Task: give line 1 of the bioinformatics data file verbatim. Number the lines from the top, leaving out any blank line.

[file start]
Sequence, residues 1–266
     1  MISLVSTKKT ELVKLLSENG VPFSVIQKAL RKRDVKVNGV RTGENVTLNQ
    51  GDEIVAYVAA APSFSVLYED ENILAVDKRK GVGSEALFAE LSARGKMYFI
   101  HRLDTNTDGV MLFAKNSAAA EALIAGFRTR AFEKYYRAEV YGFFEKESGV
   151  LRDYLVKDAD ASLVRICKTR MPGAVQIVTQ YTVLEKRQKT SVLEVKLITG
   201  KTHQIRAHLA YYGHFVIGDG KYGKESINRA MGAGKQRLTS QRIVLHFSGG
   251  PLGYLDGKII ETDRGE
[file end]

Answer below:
Sequence, residues 1–266